This post was written by Fatou S. and Whitney S., scholars at Democracy Prep Charter High School.
Hardship is a strong motivator – even stronger when there’s a community advocating for the same cause.
Being part of a historic movement left us in awe. The Women’s March in Washington was proof of the issues we still face today, even after the battles fought by women in past decades. This march showed us no woman or girl is ever alone. There was diversity in the crowd: survivors of rape, victims of racial and gender discrimination, and others (including men!) who stood in solidarity with them. Every speaker had a story that struck a different chord. Hardship is a strong motivator – even stronger when there’s a community advocating for the same cause. This march was only a spark in a fiery revolution that won’t be put out so easily.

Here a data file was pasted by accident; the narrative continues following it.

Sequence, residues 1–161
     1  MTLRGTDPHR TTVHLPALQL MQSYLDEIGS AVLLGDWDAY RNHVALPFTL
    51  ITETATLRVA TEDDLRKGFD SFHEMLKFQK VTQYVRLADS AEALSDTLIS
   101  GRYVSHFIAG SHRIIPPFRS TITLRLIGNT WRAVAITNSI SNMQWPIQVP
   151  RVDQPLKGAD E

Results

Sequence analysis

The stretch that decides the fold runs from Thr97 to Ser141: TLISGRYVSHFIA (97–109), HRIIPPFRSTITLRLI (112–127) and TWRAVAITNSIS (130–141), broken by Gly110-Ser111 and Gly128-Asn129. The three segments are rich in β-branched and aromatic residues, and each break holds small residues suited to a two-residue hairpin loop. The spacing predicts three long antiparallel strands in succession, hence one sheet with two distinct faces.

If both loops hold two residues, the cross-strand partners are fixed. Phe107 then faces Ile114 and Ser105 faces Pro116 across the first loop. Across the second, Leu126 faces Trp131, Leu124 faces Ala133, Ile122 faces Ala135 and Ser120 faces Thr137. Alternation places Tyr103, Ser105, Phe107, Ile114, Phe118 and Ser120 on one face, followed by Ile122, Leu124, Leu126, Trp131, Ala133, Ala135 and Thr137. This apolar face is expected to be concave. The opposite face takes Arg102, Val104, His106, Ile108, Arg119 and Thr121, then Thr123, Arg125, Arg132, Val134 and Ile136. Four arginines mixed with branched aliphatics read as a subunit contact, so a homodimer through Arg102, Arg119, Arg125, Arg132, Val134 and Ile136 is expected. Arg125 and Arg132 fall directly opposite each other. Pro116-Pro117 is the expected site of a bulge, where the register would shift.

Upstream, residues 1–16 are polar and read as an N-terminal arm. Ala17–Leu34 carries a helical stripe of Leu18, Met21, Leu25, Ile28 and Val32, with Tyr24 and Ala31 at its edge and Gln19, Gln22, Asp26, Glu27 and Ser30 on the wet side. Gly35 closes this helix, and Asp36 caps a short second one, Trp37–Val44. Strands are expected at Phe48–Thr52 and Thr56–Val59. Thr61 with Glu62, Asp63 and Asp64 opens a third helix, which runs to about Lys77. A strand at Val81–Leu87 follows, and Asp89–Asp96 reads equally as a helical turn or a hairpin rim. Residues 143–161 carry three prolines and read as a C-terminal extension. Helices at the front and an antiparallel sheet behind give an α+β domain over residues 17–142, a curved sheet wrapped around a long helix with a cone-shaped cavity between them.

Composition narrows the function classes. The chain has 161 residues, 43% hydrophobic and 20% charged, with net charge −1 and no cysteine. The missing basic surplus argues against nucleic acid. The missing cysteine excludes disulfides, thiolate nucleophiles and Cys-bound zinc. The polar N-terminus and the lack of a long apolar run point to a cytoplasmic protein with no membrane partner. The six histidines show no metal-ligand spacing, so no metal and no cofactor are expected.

From the right to vote in 1920, and blocking Connecticut’s ban on contraceptives in 1965, to respecting a woman’s right to choose in the Roe v. Wade case of 1973, we must admit that as a nation we’ve progressed. But we are not done in this battle to achieve gender equality. The fact that there were over 500,000 attendees at the Women’s March on Washington shows how much change America still needs in order to fully achieve equality.
The march also had us thinking about whom our next (female!) president should be. Whoever it is, that candidate must elevate individuals of every skin tone, social status, sex, and religious belief. That candidate will not hear our voices as complaints but instead, listen to them as genuine requests. They will shine a light on serious divisions among Americans that linger. Whether the next president is a man or a woman, they must reflect the values of the collective whole, the united citizens of America.